Independent SAGE urges ministers to eliminate Covid-19July 7, 2020
Independent SAGE accuses ministers of ‘giving up’ on eliminating Covid-19 as progress is being stalled by England’s crisis and poor test and trace scheme
- Experts said the Government appears to have given up on wiping out the virus
- Instead it is settling for low levels of infection and deaths, they argued
- Continuing lockdown and aiming for elimination ‘could save thousands of lives’
Top scientists have accused the British Government of ‘giving up’ on trying to stamp out the coronavirus and said the country must keep going with lockdown.
The Independent SAGE group, led by former chief scientific adviser for England, Sir David King, published its seventh report today calling for a ‘Zero Covid UK’.
It said the ‘failing’ NHS Test and Trace system is holding the country back and releasing lockdown too soon in England will prevent the virus from being eliminated.
The UK is at a ‘crucial point in its efforts to deal with the Covid-19 pandemic’, the report warned, and it argued the Government is going in the wrong direction.
Accusing officials of pursuing ‘manageable’ levels of infections and deaths, rather than trying to get rid of the coronavirus completely, the scientists said the prospect of thousands more people dying of Covid-19 was ‘unacceptable’.
They called for officials to slow down the reopening of the country – rules in England were relaxed even further on Saturday to allow pubs to open again and people to stay round each others’ houses – and to continue to stick to stricter rules.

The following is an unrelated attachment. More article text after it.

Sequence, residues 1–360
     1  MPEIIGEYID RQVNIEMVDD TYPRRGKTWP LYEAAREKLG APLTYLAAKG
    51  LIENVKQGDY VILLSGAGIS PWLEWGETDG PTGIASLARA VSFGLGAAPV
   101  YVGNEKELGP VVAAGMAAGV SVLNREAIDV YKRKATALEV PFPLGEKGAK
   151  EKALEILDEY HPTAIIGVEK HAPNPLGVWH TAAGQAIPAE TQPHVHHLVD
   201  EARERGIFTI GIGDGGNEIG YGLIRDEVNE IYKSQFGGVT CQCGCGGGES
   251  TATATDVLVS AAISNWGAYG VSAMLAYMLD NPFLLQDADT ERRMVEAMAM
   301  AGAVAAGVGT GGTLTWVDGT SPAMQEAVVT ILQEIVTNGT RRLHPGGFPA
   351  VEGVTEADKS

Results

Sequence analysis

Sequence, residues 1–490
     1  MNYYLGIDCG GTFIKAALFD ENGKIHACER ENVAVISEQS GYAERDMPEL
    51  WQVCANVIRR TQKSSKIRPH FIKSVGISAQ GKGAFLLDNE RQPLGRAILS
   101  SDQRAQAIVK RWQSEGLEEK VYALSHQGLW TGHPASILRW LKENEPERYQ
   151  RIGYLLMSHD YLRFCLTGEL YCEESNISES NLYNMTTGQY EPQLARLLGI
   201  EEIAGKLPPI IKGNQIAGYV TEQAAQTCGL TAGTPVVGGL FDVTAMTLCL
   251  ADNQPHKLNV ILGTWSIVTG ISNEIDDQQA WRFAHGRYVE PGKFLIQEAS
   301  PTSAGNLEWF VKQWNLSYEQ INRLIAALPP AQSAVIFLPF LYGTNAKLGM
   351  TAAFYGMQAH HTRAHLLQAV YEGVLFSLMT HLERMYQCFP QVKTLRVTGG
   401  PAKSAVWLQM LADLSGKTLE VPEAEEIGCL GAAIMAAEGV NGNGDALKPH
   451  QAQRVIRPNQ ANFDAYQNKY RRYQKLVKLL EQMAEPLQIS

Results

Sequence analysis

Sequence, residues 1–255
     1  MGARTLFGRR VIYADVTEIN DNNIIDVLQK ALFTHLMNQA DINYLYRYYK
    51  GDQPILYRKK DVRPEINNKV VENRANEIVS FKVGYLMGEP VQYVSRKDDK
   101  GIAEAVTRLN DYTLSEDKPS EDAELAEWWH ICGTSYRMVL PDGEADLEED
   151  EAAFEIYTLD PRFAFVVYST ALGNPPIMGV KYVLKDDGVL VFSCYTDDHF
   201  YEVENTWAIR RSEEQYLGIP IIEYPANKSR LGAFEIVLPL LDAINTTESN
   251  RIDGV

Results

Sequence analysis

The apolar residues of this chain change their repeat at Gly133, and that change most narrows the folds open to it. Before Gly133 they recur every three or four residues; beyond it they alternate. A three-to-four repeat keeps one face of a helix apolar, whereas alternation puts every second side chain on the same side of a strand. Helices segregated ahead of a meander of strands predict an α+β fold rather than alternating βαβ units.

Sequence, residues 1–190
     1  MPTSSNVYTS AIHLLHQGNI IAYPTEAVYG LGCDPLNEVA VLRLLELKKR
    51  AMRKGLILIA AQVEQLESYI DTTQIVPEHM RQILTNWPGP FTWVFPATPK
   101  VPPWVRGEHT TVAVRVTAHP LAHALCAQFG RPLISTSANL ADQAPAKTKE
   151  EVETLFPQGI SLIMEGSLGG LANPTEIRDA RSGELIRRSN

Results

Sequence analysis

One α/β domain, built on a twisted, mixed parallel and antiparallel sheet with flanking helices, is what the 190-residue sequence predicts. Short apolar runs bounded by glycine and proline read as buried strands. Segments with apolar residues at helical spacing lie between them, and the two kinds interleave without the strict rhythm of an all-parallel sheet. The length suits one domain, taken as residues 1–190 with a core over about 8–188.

Officials in Scotland have resisted pressure to reopen in line with England and are now within arm’s reach of eliminating Covid-19, the scientists said.
But researchers not involved with the report said it was thin on detail, did not take the economic damage into account and was ‘extremely ambitious’.
Data from the Office for National Statistics showed that after weeks of dramatic falls in the number of people catching the coronavirus in England, the rate of infection levelled off towards the end of June
Sir David King is head of the Independent SAGE group and former chief scientific officer for England
The Independent SAGE group is named after SAGE, the Scientific Advisory Group for Emergencies, but does not work with the Government, which its counterpart does.
Its committee of experts openly offer their own take on currently available science to suggest what officials should be doing.
The true SAGE committee, meanwhile, holds discussions behind closed doors with top Government officials and doesn’t publish the reports until weeks or months later.